comscore Florida lifts 30-year ban on catching goliath grouper | Honolulu Star-Advertiser
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Florida lifts 30-year ban on catching goliath grouper

  • FLORIDA FISH AND WILDLIFE CONSERVATION COMMISSION VIA AP
                                In this undated photo provided by Florida Fish and Wildlife Conservation Commission is a goliath grouper. Florida is lifting its three-decade ban on catching and killing goliath groupers after wildlife officials argued their numbers have rebounded. The Florida Fish and Wildlife Conservation Commission approved on Wednesday, Oct. 6, a proposal to allow recreational harvest of 200 goliaths per year from March to May.

    FLORIDA FISH AND WILDLIFE CONSERVATION COMMISSION VIA AP

    In this undated photo provided by Florida Fish and Wildlife Conservation Commission is a goliath grouper. Florida is lifting its three-decade ban on catching and killing goliath groupers after wildlife officials argued their numbers have rebounded. The Florida Fish and Wildlife Conservation Commission approved on Wednesday, Oct. 6, a proposal to allow recreational harvest of 200 goliaths per year from March to May.

TALLAHASSEE, Fla. >> Florida is lifting its three-decade ban on catching and killing goliath groupers after wildlife officials argued their numbers have rebounded.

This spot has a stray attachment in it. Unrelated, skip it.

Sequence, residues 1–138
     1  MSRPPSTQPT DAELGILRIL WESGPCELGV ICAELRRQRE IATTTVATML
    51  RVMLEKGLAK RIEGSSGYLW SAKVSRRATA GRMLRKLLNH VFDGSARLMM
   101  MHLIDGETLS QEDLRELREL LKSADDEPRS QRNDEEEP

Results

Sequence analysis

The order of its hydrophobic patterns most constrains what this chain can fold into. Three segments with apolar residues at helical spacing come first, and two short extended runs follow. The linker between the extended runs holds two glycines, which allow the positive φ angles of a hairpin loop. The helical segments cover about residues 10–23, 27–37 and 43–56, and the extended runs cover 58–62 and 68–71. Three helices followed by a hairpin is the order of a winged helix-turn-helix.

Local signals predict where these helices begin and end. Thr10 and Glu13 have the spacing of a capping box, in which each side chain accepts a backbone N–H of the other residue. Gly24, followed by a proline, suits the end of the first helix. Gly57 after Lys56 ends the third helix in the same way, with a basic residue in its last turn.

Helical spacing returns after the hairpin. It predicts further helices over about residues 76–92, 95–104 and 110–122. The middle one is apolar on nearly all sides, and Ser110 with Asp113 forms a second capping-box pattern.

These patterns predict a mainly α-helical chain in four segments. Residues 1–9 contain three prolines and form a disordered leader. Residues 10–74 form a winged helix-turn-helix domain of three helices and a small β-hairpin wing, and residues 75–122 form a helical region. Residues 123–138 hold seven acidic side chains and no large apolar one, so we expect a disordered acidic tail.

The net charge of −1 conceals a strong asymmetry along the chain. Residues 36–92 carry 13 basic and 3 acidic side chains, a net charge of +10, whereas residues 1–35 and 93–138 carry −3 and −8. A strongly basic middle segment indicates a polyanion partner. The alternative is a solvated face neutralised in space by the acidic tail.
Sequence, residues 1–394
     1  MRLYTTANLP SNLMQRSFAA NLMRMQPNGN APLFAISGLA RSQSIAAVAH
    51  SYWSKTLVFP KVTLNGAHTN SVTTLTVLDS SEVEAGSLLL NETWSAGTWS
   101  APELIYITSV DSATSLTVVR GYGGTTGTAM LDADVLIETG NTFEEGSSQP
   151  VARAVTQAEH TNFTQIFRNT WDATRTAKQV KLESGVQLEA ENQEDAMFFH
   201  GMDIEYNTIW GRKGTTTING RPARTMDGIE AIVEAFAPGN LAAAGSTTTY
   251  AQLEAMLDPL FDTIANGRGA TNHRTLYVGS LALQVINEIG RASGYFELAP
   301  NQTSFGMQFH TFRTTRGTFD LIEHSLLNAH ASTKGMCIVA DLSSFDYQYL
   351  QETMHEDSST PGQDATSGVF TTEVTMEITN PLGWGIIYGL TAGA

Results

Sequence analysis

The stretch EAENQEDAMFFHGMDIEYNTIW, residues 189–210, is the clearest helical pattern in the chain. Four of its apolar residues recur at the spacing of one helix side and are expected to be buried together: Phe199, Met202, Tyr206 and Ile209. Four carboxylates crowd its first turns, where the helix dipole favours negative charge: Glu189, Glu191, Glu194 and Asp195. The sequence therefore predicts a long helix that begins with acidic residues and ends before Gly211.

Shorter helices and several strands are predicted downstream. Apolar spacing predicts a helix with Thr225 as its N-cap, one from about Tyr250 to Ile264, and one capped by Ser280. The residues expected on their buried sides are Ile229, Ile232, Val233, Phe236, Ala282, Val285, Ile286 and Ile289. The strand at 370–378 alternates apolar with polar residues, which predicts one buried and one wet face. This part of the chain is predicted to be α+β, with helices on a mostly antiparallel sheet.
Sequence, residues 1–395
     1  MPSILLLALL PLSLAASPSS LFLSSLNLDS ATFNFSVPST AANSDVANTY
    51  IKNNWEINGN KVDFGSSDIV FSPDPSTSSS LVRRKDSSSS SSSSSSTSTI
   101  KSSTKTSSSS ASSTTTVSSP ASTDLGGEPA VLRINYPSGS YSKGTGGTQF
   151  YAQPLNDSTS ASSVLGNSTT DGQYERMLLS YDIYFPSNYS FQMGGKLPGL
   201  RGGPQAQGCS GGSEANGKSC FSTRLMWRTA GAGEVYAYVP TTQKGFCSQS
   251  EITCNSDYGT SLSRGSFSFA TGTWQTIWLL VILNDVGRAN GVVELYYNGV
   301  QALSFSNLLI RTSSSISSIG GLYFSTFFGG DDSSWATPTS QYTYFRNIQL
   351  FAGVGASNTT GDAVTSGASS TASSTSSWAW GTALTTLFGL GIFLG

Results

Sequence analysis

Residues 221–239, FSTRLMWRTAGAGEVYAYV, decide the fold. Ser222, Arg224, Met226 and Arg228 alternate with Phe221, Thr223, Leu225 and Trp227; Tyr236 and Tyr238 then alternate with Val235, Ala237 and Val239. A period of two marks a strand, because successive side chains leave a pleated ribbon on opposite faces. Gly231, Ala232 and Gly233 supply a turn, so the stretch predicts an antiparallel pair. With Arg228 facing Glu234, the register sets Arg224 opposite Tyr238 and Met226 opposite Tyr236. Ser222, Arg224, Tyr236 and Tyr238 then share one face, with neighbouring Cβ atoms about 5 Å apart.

The Florida Fish and Wildlife Conservation Commission approved on Wednesday a proposal to allow recreational harvest of 200 goliaths per year from March to May. South Florida and the Florida Keys will be off-limits, and the size of the catch will be restricted to between 20 inches (51 centimeters) and 36 inches (91 centimeters).

The proposal is supported by fishing groups, and it calls for a lottery to issue licenses that allow each recipient to catch and kill one goliath.

The goliath almost died off in the 1980s from overfishing and pollution, and is not allowed to be caught in any other state or federal waters. Similar proposals have been under consideration for a few years.

Critics who oppose lifting the fishing ban argue that the fish’s numbers remain below historic levels and appear to be plateauing or decreasing. They say the species is also susceptible to mass die-offs.

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